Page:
The first thing to come to mind when somebody mentions the word Croton I instantly think of Southern Florida. From what I have witnessed it must be one of South Florida’s most popular shrubs and this is due in part to a long history with the plant. For others, the first thing to come to mind might also be a place more tropical. California most likely falls pretty far down the list of first thoughts. However, there are Crotons in Southern California and “Crotonheads” (as they like to be called) can be found here growing them in their gardens.
Native to Southeast Asia, Crotons (Codiaeum variegatum) do surprisingly well down to a USDA Plant Hardiness Zone 10a or in a localized microclimate in California. In Florida they can survive in a 9b. Crotons in Southern California will defoliate in cold winters with frost, and a hard freeze will kill them. So I always recommend that you cover your plants if frost or a freeze is being predicted.
For the most part Crotons in Southern California are slow growers. This slower growth is great in that you can keep them to a manageable size in the garden without much effort, but also can be a curse should should a freeze or frost knock them back. For me the fastest Croton in my yard is one called ‘Purity.’ While not the most attractive in my opinion, it is a great grower.
The Croton ‘Purity’ actually does so well here in my Southern Californian garden that its seeds germinate freely in my yard. It is the only Croton that I grow to do this.
Crotons are grown for their fantastically colored leaves that can be found in a wide variety of shapes. Some are small while others are large. They can be found long and narrow or quite oval shaped. There are croton leaves shaped like an oak leaf, multi-
Here we see Croton ‘Mammy’ displaying a broad range of intermingled colors on a wavy leaf. This plant can not help but scream for attention as visitors walk by it on the way to my front door.
This is an unknown cultivar that I carelessly lost the tag to years ago. Planted in 2007, these two plants have grown into beauties.
In Southern California you can plant a Croton in almost any light. I find they do best in partial shade or a shifting sun location. Ideally you want some overhead protection or canopy to help prevent cold damage should we see a frosty winter. Thanks in part to overhead protection I have yet to see frost damage on any of the Crotons that I grow. This unknown cultivar is extremely happy under the protection of a Murraya koenigii tree that offers up full, late afternoon sun.
I would not recommend that you plant most Croton varieties into full sun. I found that many cultivars will fade in color or burn during the extreme heat and low humidity a Santa Ana event can bring. They also do not grow as healthy in dense shade. Here you see a Croton ‘General Paget’ which is leggy and stunted from not enough light.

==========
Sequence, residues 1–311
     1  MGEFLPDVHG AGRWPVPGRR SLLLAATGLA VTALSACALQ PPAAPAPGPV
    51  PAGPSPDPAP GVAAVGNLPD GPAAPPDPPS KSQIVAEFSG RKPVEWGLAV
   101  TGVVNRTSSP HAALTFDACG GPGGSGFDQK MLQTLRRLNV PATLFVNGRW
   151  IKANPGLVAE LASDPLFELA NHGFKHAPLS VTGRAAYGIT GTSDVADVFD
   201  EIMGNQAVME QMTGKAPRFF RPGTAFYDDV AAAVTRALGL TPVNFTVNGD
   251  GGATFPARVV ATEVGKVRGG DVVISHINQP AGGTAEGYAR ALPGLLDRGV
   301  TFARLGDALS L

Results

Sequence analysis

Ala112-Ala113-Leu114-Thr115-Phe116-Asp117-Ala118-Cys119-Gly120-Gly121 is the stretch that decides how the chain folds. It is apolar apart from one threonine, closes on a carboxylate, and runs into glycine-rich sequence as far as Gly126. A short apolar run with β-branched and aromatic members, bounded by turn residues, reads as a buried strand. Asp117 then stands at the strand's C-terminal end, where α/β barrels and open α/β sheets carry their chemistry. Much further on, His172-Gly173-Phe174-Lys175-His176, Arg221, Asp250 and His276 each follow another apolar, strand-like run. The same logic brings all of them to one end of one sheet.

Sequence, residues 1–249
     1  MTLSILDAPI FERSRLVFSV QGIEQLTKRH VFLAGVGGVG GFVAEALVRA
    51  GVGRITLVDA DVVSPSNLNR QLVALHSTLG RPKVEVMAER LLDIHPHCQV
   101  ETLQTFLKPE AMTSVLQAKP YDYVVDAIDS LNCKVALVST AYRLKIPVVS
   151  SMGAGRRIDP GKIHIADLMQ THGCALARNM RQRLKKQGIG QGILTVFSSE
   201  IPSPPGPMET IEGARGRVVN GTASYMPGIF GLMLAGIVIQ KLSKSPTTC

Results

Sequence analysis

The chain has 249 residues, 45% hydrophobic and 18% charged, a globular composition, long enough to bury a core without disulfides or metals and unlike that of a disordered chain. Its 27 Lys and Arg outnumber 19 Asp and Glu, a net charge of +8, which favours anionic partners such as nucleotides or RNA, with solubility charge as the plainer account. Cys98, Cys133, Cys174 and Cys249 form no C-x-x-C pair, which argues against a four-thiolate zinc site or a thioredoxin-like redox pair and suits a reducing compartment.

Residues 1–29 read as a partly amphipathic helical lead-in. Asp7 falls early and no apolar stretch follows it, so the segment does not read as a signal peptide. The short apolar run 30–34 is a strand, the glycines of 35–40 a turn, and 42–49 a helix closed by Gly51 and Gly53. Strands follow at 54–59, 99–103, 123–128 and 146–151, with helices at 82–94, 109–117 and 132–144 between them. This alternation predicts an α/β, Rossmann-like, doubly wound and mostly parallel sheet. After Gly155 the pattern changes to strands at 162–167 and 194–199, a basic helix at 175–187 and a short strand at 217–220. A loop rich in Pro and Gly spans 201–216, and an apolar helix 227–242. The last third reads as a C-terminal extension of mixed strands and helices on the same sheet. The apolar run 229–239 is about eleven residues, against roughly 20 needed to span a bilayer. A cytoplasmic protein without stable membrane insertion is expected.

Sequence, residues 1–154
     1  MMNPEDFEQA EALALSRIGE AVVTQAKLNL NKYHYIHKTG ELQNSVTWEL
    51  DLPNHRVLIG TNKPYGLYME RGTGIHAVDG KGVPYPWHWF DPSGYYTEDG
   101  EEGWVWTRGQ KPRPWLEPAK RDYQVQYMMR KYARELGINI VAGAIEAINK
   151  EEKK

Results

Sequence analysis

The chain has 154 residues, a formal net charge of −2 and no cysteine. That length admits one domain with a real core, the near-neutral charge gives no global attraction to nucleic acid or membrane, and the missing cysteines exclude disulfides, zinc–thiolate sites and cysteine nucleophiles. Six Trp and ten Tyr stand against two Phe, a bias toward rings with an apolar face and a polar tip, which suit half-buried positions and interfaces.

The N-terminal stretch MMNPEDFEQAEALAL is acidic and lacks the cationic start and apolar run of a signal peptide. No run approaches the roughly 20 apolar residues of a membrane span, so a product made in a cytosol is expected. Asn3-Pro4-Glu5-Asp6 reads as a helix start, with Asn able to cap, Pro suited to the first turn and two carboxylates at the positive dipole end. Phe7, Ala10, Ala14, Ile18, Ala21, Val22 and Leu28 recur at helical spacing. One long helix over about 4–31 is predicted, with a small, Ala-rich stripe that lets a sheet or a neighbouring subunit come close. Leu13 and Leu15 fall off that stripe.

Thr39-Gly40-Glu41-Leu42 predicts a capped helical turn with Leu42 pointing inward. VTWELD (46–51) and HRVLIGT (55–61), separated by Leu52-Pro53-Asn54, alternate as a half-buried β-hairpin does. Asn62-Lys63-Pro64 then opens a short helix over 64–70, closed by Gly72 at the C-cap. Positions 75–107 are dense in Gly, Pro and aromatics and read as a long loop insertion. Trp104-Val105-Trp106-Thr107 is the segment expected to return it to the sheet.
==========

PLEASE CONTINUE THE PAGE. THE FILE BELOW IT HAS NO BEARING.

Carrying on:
Croton ‘Charmer’ is also planted in too much shade thanks to a quick growing canopy of palms. This is a beautifully colored Croton in a sunnier location. In my garden it is mostly green.
From my experience, Crotons in Southern California are usually pest and disease free, but can occasionally have a mealybug or scale infestation. However, the only plants in my garden to suffer from an infestation were those grown in too much shade and are weak from it.
Crotons can grow up to 10 feet tall in tropical locations, but here in my garden I figure it would take more than 15 years for my fastest grower to approach that size. While Crotons can be big, there are some dwarf varieties. Shown below, my Croton ‘Picasso’s Paintbrush’ was planted in 2007 and is still very small. I grow this Croton more as an anomaly rather than for any bold statement. It’s an oddball in the Croton world.
Not surprisingly, I have found that well-draining soils work best for growing Crotons in Southern California. Crotons do not like to dry out when it is really hot, but can be surprisingly drought tolerant when well established. A spinkler valve with a broken wire in my garden confirmed this a few years back. Due to the broken wire not activating the sprinkler valve during scheduled waterings, a zone in my yard was not watered for two weeks one spring. If it had not been for the wilting of some other plants in that area, I never would have noticed my Croton was under stress from lack of water.
In the winter I find it very important that the soil go dry between waterings. I have attempted to grow quite a few of the other more Gody cultivars but they did not survive. In almost all cases the plant would die in late winter from the soil being too wet. The cultivars that have thrived in my garden seem to be better adapted at growing with wet feet in the cold, damp soils our winters bring. But even these I like to keep mostly dry if I can in winter.
Follow the growing advice I discussed in this blog post and you can end up having a tropical beauty like Croton ‘Stoplight’ growing in your garden as well.
Currently, Croton ‘Stoplight’ is my favorite Croton that I grow in my garden. You can see from the picture below where it gets its name.
Crotons demand attention with their stunning color that is guaranteed to stand out in a typical mediterranean climate garden. They make such a bold statement that they really need to be found in more gardens in California. Especially if you like the tropical look.